This health care bill is a complete and total disaster for the nation. It destroys the Republic forever. In this writer’s opinion, anyone who puts their name to this legislation is guilty of treason and deserves the harshest penalties allowed by law.
One last thing, as both Sarah and myself mentioned death panels here, I just got an e-mail linking to a nice piece from the CATO Institute, a libertarian think tank, that backs up what we’ve been writing about here, and Sarah has been saying from the start:
Death Panels? Sarah Palin Was Right
Posted by Alan Reynolds
PolitiFact.com gave Sarah Palin their “Lie of the Year” award for warning on August 7 that the Democrat’s idea of “cost containment” implied rationing by “death panels.”
The self-described fact-checking web site of the St. Petersburg Times claimed Palin was criticizing a provision in the House bill under which “Medicare would pay for doctors’ appointments for patients to discuss living wills, health care directives and other end-of-life issues.”
The claim that Governor Palin confused one-on-one counseling between doctors and patients with any sort of “panel” was always ridiculous on its face. Indeed, that claim should itself have been a leading candidate for “Lie of the Year.” Yet Palin’s critics kept on equating death panels with counseling throughout the year, as though they could not even begin to understand plain English.
In a column called “Reporting the Lies,” Washington Post blogger Ezra Klein wrote, “Before Sarah Palin talked about death panels, no one knew about Sen. Johnny Isakson’s quiet crusade to persuade Medicare beneficiaries to adopt living wills.”
Adopting a living will requires a lawyer, not a doctor, so there must have been more to the crusade than just that. There is some reason to wonder if the crusaders intended to promote penny-pinching advice like President Obama’s famous suggestion that perhaps grandma should skip the expensive operation and take a cheap pain pill instead (generic, of course).
In any case, no single physician’s advice involves any panel, deathly or otherwise. Palin was clearly worried about rationing by some government-appointed group, panel or board of experts — such the (currently) powerless panel that recently suggested fewer and later breast exams, or the Senate bill’s potentially more lethal Independent Payment Advisory Board
The shameless hoax that Palin had confused individual consulting with rationing by a panel was repeated endlessly. By November, the Washington Post was treating this obvious canard as an established fact: “Proposed health-care reform legislation includes a provision that allows Medicare to pay for “end-of-life” counseling for seniors and their families who request it. The provision — which Sarah Palin erroneously described as “death panels” for seniors — nearly derailed President Obama’s health-care initiative.”
What Palin wrote about death panels clearly had nothing to do with counseling or with any other specifics in seminal House bill. What she wrote was: “Government health care will not reduce the cost; it will simply refuse to pay the cost. And who will suffer the most when they ration care? The sick, the elderly, and the disabled, of course.”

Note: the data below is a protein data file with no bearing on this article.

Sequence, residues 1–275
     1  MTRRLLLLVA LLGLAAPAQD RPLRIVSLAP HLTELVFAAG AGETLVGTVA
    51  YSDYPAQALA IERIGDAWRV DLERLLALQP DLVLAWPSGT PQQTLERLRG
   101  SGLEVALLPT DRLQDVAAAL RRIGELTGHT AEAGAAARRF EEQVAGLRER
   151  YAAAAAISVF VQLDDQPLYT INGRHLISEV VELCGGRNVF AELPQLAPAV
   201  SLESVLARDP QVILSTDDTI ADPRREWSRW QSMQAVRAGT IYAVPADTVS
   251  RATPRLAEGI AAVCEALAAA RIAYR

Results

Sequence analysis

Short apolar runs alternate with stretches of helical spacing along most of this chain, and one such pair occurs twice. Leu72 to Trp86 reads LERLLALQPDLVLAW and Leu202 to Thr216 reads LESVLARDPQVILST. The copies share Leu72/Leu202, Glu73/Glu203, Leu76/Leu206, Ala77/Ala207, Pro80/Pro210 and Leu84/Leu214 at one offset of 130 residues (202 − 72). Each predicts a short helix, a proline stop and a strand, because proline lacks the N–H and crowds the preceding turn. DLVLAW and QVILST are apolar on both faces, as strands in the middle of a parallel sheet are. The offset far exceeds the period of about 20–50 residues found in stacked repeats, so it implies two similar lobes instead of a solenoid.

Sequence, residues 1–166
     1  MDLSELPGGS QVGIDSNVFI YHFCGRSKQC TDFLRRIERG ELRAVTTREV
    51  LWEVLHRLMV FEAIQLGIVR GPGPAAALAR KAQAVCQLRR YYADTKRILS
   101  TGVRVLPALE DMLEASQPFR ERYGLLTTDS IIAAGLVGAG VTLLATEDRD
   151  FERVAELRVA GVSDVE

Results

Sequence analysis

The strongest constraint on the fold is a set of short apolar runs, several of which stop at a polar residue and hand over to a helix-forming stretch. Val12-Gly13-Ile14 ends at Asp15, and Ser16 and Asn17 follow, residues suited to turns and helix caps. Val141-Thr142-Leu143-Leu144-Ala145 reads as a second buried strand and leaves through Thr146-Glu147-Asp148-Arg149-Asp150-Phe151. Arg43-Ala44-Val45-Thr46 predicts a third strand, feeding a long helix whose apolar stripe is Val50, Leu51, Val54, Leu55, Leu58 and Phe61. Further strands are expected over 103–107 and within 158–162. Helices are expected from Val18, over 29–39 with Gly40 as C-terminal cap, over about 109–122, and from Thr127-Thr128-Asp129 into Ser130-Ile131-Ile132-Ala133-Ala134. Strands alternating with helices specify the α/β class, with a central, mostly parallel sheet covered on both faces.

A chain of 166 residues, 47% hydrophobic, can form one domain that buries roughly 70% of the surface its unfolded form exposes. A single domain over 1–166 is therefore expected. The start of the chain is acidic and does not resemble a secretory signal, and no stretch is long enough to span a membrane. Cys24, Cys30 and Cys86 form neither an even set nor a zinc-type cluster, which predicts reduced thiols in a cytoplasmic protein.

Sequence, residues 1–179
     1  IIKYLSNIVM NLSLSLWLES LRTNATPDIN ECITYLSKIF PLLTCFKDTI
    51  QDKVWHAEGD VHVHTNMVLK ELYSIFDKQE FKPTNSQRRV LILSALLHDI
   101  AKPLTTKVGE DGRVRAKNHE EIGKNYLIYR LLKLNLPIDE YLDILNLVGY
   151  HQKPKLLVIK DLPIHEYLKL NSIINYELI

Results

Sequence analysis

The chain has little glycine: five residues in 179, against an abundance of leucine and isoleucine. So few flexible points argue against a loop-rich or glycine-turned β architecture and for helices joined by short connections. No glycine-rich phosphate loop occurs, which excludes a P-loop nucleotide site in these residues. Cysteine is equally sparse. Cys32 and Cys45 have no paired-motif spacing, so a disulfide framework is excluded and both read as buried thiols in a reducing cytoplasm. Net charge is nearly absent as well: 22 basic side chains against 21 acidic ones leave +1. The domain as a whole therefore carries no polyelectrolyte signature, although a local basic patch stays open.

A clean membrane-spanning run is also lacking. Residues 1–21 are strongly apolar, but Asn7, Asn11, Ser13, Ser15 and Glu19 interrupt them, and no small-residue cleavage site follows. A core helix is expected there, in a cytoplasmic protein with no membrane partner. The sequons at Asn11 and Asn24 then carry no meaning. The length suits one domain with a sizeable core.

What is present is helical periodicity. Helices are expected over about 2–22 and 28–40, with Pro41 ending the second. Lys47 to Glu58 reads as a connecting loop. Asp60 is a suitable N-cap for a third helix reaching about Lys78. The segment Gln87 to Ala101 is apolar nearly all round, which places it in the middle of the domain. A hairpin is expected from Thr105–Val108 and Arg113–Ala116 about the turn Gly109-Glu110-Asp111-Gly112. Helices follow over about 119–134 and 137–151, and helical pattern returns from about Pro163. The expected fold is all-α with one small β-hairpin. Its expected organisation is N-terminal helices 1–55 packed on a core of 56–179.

How could anyone believe Palin’s sensible comment about rationing was, in reality, a senseless fear of counseling? To say so was no mistake; it was an oft-repeated big lie.
Rather than even mentioning the House bill, Palin linked to an interesting speech by “Rep. Michele Bachmann [which] highlighted the Orwellian thinking of the president’s health care advisor, Dr. Ezekiel Emanuel, the brother of the White House chief of staff.”
Dr. Emmanuel’s varied and murky remarks about using panels of experts (like himself) to ration health care are less clear or less candid than those of another bioethicist, Peter Singer of Princeton. Singer’s article, “Why We Must Ration Health Care,” was a cover feature in The New York Times Magazine on July 15 — shortly before Palin took the opposing side of this issue.
Singer’s argument (about an expensive anti-cancer drug) is that, “If there is any point at which you say, ‘No, an extra six months [of life] isn’t worth that much,’ then you think that health care should be rationed.” But the question itself is rhetorical trickery, sophistry. Even if there was certain knowledge about life expectancy with or without some treatment (which is never true), Singer has no right to any opinion about how much an extra six months of my life is worth (and vice-versa) unless he’s paying the bills.
But that, of course, is what makes the proposed expansion of insurance subsidies and Medicaid so ominous. Just as federal politicians imagine that a small minority stake in some bank entitles them to override all other stockholders when it comes to executive pay, federal politicians would surely claim that even small subsidies for anyone’s health insurance entitle them to, as Singer put it, set “limits on which treatments should be paid for.” And those politicians would surely appoint panels of experts as cover when some life-saving procedure, device or drug was ruled-out for those with insufficient quality-adjusted years left to live.
Singer wrote, quite correctly, that in “Medicare, Medicaid and hospital emergency rooms, health care is rationed by long waits. . . [and] low payments to doctors that discourage some from serving public patients.” [emphasis added]